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Online Tutorial #5: How Do You Calculate A Company's Incremental Fixed Capital Needs?

Incremental investment in fixed capital is another important value driver in an analysis of shareholder value. This session focuses on where to find the data, how to calculate historical fixed capital trends and how to project future fixed capital needs. As with previous sessions, we will use Gateway, Inc., as of April 21, 2000, as a case study. Readers who want to calculate incremental fixed capital while reading this tutorial may wish to download the accompanying spreadsheet

What Does "Incremental Fixed Capital" Mean?

To understand what we mean by "incremental fixed capital," let's break this phrase down into its component parts:

  • Incremental. This means that we want to look at the additional cash a company annually invests in its long term operating assets.
  • Fixed. This means we look at cash tied up in long term operating assets such as Plant, Property and Equipment (PP&E) and Capitalized Leases.
  • Capital. This means that we want to calculate the amount of cash that a company has to tie up annually in incremental fixed capital  in order to run its business.

For industrial companies, then, "incremental fixed capital" equals the cash a company invests annually in long term operating assets.

We can calculate a company's annual investment in fixed capital by analyzing its Cash Flow Statement. To calculate a company's gross fixed capital investments, we sum the following items:

  • Capital expenditures
  • Capitalized software costs
  • Other investment activities, net
  • Acquisitions, net of cash acquired

However, before we finish, we need to deduct annual Depreciation and Amortization (found on the Cash Flow Statement in the "Cash Flow from Operating Activities" section). This is because we want to calculate cash invested over and above a company's annual depreciation. Intuitively, this makes sense because when capital expenditures equals depreciation, a company is roughly maintaining its long term physical assets. In other words, we consider only capital investments above and beyond depreciation as "incremental" investments.

Case Study: Gateway, Inc., as of April 21, 2000

The following table summarizes calculations for Gateway:

1994 1995 1996 1997 1998 1999
               Capital expenditures       (29.0)       (77.5)       (86.0)  
               Software costs       (26.6)       (39.0)       (31.6)  
          Total capital expenditures       (55.6)     (116.6)     (117.5)     (175.7)     (235.4)     (338.2)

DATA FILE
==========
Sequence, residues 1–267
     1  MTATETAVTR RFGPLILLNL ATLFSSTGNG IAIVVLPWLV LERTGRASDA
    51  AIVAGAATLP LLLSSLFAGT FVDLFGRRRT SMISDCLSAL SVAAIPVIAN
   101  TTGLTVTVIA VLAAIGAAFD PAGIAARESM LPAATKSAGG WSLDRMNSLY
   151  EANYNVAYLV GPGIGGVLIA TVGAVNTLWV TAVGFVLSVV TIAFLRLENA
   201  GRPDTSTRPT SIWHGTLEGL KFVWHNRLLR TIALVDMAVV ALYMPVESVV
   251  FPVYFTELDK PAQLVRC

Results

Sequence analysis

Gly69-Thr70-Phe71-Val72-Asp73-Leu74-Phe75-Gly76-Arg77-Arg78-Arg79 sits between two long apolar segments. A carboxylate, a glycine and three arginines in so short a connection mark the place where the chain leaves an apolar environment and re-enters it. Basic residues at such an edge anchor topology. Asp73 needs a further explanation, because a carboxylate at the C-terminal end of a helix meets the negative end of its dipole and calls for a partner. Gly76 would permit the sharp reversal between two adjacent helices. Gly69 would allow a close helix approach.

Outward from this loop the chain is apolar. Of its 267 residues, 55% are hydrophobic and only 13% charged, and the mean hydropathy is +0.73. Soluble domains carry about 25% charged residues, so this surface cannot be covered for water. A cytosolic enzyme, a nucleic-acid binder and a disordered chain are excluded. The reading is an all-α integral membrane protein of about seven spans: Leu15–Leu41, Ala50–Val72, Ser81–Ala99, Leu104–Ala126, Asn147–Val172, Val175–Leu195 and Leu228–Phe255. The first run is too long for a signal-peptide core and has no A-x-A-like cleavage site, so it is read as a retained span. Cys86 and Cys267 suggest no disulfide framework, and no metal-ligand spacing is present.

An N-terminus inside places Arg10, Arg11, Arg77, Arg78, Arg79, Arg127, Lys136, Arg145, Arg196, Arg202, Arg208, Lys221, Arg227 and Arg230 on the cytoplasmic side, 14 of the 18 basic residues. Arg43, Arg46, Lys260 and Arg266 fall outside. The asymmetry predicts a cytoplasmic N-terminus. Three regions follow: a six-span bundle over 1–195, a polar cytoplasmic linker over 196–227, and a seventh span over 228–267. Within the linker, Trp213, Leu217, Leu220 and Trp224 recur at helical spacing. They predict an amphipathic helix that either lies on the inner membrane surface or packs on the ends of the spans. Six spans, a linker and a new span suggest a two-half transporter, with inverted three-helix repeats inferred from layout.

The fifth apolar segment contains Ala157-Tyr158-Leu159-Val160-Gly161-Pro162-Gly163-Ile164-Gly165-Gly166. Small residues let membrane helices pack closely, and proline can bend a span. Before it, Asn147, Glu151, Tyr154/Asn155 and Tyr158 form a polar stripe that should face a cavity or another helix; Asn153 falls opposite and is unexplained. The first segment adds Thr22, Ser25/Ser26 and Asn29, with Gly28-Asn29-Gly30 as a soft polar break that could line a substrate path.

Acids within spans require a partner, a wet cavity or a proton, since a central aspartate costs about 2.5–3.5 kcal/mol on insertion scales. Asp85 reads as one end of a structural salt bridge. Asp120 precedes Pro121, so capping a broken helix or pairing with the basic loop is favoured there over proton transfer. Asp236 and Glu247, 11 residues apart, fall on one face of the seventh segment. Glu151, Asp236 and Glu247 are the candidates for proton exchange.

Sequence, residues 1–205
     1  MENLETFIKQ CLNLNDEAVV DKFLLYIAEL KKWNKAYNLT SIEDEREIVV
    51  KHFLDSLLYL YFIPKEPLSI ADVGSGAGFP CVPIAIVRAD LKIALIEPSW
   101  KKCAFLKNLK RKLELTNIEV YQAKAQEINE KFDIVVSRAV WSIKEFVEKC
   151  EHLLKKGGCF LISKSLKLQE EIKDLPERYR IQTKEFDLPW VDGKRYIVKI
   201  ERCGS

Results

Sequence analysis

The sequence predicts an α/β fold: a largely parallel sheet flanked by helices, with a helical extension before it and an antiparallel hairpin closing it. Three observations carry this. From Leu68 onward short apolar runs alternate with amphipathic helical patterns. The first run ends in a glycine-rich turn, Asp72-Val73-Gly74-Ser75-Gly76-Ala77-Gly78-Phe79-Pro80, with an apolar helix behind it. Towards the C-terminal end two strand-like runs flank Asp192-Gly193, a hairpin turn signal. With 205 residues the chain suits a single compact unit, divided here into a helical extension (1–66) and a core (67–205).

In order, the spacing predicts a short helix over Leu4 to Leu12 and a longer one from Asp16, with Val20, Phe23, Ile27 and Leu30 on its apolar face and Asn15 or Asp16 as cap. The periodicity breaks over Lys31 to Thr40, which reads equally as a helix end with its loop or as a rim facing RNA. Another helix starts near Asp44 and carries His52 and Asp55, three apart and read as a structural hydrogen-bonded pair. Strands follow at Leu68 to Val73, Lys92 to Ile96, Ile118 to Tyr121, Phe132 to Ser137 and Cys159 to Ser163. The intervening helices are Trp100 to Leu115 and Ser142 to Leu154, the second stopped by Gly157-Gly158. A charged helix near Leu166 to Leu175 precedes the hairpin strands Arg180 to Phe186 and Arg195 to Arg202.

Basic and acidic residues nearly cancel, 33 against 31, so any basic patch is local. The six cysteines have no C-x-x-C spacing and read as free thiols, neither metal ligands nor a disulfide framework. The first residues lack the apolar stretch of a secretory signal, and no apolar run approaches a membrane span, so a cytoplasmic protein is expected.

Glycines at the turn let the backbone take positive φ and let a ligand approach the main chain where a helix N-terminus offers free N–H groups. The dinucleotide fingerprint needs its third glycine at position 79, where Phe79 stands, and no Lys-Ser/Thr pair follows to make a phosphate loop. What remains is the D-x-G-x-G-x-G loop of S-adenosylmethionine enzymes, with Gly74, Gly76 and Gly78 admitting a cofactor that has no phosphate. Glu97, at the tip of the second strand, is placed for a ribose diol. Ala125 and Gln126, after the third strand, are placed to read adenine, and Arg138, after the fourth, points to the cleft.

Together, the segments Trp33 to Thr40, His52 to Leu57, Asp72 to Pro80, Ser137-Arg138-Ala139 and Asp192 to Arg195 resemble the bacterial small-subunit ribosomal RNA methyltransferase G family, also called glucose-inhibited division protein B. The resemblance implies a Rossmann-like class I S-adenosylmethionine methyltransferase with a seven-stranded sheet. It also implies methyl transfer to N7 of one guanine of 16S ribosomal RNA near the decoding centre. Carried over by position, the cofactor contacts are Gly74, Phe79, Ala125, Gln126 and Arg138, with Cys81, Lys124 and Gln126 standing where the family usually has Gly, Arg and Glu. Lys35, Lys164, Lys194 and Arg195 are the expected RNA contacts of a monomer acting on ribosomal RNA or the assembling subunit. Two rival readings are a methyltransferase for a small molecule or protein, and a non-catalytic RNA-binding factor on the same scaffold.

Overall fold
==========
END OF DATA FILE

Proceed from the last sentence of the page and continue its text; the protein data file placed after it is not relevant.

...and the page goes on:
Other investing activities, net         (13.2)          2.7         (4.1)         (1.0)         (1.4)
          Acquisitions, net of cash acquired           (3.6)       (142.3)    
     Total Gross Fixed Capital Investments       (55.6)     (133.3)     (114.9)     (322.0)     (236.4)     (339.6)
     Depreciation and amortization        18.0        38.1        61.8        86.8      105.5      134.1
Incremental Fixed Capital Investments       (37.6)       (95.3)       (53.1)     (235.3)     (130.8)     (205.5)

Source: Gateway's Cash Flow Statements used for this table can be found here: 1996 and1999.

Note: This data should be entered into the "Inputs" worksheet of the "Fixed Capital.xls" spreadsheet.


Building on this metric, we can calculate how much incremental fixed capital Gateway must invest to generate a dollar of new sales:

1995 1996 1997 1998 1999
     Incremental Fixed Capital Investments       (95.3)       (53.1)      (235.3)      (128.8)      (205.5)
          Sales    3,676.3    5,035.2    6,293.7    7,467.9    8,645.6
     Incremental Sales       975.1    1,358.9    1,258.5    1,174.2    1,177.6
Incremental Fixed Capital Investment Rate 9.8% 3.9% 18.7% 11.0% 17.4%


Over this five year period, then, Gateway invested $718 million into its fixed capital in order to generate $5.9 billion in incremental sales. In other words, Gateway invested 12.1% of incremental sales into fixed capital.

In the Price-Implied Expectations (PIE) analysis we perform in the book, we assume that Gateway will invest slightly under this amount at 11.0% of incremental sales (see page 97).


Sidebar: Amortization of Goodwill

In our calculation of Net Fixed Capital Investments, we calculate the investment in fixed capital over and above depreciation. However, many companies lump depreciation and amortization together in one line on the cash flow statement, making it impossible to only subtract depreciation from Gross Fixed Capital Investments. 

Thus, for companies with significant amortization of goodwill, you may wish reverse expenses associated with annual goodwill amortization (associated with mergers and acquisitions). For example, you can infer this expense in 1999--buried in the SG&A line--by looking at the relevant table in Gateway's 1999 10-K:

1998 1999
Accumulated amortization of intangibles ($, MM)  $   (25.3)  $   (38.9)

Using these two numbers, you can infer that Gateway expensed the difference between these two amounts, or $13.6 million, in goodwill amortization in 1999. We subtract  this amount from "Depreciation and Amortization" of $134.1 million to infer "Depreciation" alone equals $120.5 million. For simplicity's sake--and because this adjustment is not significantly material--we did not make this adjustment in the main body of the tutorial above or in the text.

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